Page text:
Croatian university representative visits CALS
A new relationship between N.C. State’s College of Agriculture and Life Sciences and a Croatian university offers opportunities for CALS students.
N.C. State recently signed a memorandum of understanding with University of Zagreb in the Croatian capital, and in July, Ivana Prosinecki of Zagreb’s International Relations Office visited N.C. State to share information about what the university could offer for students here.
The University of Zagreb dates to 1669, and the Faculty of Agriculture there – similar to colleges in the U.S. – is the oldest and leading agriculture faculty in Croatia. The entire university serves 56,000 students, with 1,800 in agriculture.
Dr. Paul Mueller, recently retired as head of international programs for CALS, said he and Dr. Gerry Luginbuhl, CALS assistant director of academic programs, first learned of Zagreb University at a meeting of the Association of Public and Land-grant Universities held in 2008. When they discovered similarities between N.C. State and Zagreb University’s Faculty of Agriculture, they invited Zagreb’s dean of agriculture and director of international programs to visit N.C. State.
In 2010, Dr. Ken Esbenshade, CALS associate dean and director of academic programs, spoke at Zagreb. Mueller also visited and signed the MOU with Zagreb in May. Prosinecki was visiting Nebraska in July, and Mueller invited her to speak at N.C. State.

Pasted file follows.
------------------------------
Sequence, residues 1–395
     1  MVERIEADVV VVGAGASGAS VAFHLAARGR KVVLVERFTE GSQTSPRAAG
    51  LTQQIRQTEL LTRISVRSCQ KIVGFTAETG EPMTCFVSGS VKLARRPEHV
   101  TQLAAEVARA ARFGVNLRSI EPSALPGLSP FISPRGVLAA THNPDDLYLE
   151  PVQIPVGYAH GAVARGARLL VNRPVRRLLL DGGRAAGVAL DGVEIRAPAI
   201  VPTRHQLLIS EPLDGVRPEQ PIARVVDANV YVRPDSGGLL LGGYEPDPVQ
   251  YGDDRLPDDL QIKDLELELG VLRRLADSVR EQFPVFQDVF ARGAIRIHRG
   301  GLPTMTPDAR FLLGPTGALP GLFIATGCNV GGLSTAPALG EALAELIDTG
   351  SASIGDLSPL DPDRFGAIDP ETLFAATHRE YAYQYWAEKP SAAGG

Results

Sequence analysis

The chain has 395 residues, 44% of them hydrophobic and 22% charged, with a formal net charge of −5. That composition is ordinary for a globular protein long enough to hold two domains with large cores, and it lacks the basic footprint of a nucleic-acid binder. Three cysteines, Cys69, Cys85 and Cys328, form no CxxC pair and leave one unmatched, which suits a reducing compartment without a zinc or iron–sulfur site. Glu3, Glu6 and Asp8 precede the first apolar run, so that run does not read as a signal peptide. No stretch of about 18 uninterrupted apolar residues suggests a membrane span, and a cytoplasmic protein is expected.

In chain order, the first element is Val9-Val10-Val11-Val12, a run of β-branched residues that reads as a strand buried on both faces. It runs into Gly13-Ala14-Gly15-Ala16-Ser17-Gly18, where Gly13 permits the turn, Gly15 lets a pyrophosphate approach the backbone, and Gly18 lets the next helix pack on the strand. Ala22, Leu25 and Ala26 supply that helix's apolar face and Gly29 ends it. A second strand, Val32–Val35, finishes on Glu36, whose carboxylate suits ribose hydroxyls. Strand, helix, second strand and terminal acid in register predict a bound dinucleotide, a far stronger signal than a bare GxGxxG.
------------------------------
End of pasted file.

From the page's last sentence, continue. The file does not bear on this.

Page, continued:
In many ways, agriculture in Croatia mirrors production in North Carolina. The country produces a diverse range of agricultural products in three distinct climatic regions, similar to North Carolina’s three regions.
In Croatia, the continental region has hot summers and cold winters. Major crops produced there include sunflowers, corn, wheat and soybeans. The country’s mountain region, with harsh winters, is home to small farms that produce goats and potatoes. The area’s major natural resource is its forests.
Croatia’s coastal region on the Adriatic Sea has a mild, Mediterranean climate that attracts tourists. Agricultural production there includes olives, fruits and wine grapes.
The Faculty of Agriculture includes 441 employees, with 271 of those engaged in teaching. The college has 28 departments and six experiment stations. One closest to the university is for teaching and research. There are also stations that focus on fruit and grape production and a Center for Grasses that specializes in cattle breeding and mountain agricultural products.
The academic year in Croatia differs somewhat from the academic calendar at N.C. State. The winter semester runs from October through February, and the summer semester runs March through June. A number of graduate agriculture classes are taught in English. Several CALS faculty said the summer semester would be the most logical time for our students to study in Zagreb because it coincides more closely with our academic year.
This summer, several University of Nebraska students are working as interns at the University of Zagreb, Prosinecki said. The graduate students are working with a mentor and faculty members to conduct research and data collection in the lab and in the field.
In addition to N.C. State and the University of Nebraska, Zagreb University has MOUs with several other Iowa State and Montana State universities. The university also has developed relationships with Penn State and Purdue universities, as well as the University of Georgia.
In addition to student internships, Prosinecki would like for Zagreb and N.C. State to pursue faculty and Fulbright exchanges.
-Written by N. Hampton, email@example.com or 919.513.3128